The hospital modernized its operating environment using Oracle APEX by creating one large application that spans a suite of more than 40 modules. Application development speed increased 5X, from months to weeks, and even days. Not only is the hospital in a better situation with paperless, modern information systems that are integrated and accurate, but it also has saved at least 80% in costs, or more than $27 million, during a 10-year budget period. 

The cost savings are reinvested into innovation, with the goal of being the first and only hospital group to connect to National Electronic Medical Records (NEMR), National Healthcare Insurance Information System (NHIIS), Drug Utilization Review (DUR), plus a fully automated robotic pharmacy for outpatient and inpatient dispensation, as well as chemotherapy preparation. In response to the pandemic, it quickly developed testing and vaccination services and created telemedicine services to provide remote care. 

HOPE staff expanded from 4 to 23 in order to build new modules and showcase them to stakeholders on the spot. One hallmark of excellence is the Bahrain Oncology Center (BOC), a fully integrated chemotherapy protocol workflow. It is a sophisticated and unique module, with 175 hospital protocols already integrated. Its target is 205, to ensure safe medication management from prescription, dispensation, preparation, to administration without adding any IT costs or support.

Hospital service quality improved with significantly fewer errors and incidents reported, including extremely sensitive chemotherapy protocols, due to the seamlessly integrated development and deployment process.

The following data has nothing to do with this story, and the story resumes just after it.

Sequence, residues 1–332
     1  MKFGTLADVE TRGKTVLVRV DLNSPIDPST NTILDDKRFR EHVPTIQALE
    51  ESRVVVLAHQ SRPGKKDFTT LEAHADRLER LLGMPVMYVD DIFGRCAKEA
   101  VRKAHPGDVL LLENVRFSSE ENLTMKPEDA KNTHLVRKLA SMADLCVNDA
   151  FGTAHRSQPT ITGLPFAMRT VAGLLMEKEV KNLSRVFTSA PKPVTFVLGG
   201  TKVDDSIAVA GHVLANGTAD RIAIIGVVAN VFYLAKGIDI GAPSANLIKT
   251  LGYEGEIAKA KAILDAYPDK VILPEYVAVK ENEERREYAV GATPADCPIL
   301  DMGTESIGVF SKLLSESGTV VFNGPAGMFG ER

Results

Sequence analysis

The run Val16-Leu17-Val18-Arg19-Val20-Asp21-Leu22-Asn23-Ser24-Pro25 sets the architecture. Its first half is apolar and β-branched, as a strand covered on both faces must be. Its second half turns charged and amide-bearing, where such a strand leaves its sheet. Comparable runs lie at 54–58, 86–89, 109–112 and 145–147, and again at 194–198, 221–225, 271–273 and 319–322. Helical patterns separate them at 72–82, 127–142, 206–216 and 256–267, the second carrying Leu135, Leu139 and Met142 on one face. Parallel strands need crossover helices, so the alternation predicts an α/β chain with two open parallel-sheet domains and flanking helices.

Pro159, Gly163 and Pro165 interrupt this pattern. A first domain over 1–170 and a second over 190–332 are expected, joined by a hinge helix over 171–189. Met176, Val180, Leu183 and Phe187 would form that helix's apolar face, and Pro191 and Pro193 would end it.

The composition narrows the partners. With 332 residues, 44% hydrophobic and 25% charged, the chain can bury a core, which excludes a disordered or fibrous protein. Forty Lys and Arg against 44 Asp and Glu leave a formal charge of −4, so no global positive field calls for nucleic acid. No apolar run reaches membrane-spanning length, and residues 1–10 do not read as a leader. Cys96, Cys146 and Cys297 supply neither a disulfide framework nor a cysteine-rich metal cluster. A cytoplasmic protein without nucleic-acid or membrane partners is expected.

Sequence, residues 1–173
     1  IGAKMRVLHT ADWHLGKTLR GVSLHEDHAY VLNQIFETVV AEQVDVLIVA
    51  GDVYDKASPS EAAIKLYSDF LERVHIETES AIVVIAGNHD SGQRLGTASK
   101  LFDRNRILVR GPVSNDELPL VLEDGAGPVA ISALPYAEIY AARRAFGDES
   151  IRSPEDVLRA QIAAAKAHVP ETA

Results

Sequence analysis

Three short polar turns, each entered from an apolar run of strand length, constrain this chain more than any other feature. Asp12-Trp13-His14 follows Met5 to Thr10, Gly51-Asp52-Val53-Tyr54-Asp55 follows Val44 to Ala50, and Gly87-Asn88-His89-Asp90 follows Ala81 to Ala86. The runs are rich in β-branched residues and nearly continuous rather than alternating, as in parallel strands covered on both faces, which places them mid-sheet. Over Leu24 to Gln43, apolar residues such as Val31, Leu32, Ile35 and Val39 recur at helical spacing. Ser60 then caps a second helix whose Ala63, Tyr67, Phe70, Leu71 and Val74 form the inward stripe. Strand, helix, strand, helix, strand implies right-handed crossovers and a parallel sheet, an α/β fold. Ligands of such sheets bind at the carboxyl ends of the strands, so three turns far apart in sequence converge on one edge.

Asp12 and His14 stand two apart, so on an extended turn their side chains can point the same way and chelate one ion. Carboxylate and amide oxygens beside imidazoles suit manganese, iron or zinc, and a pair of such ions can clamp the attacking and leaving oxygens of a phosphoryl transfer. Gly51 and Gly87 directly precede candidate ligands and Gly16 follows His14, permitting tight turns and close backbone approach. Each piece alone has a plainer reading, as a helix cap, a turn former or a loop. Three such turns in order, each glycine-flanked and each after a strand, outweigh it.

“It is the operational information systems like HOPE that make our vision come to life. We are constantly surprised by the quality and agility of development HOPE demonstrates, rightly aligned to our vision and our strategic objectives,” says H.E. Lieutenant General Dr. Shaikh Mohammad Bin Abdullah Al Khalifa, chairman of supreme council of health.

The Oracle APEX app engine is also optimized for high performance at very low cost because it is included in Oracle Database licensing. Also, it is automatically integrated for less manual interaction and computing resources.  The hospital app serves 5,000 users, including all physicians and staff. Even though the app handles 4 to 5 million hits per day and 8,000 to 10,000 sessions per day, Oracle’s database runs at only 25% capacity on 2 CPUs and 64 GB of RAM on commodity server hardware, with peak reporting periods at 30%.

Access to real-time data and reporting has provided transparency in hospital finance and accounting, helping to identify waste and inefficiencies. Budget controls are now in place, with notifications to management and physicians to analyze procedure costs. The increased visibility of hospital finances and operations helps prioritize patients and alleviate waiting periods.  

“After trying many other systems, we realized we had to build our own. Today, we are very proud to have developed HOPE. It has shown that it is a robust, user-friendly system with proven excellence over the years,” said Major General Dr. Shaikh Salman Bin Ateyatallah Al Khalifa, Commander, King Hamad University Hospital.

Published:March 5, 2021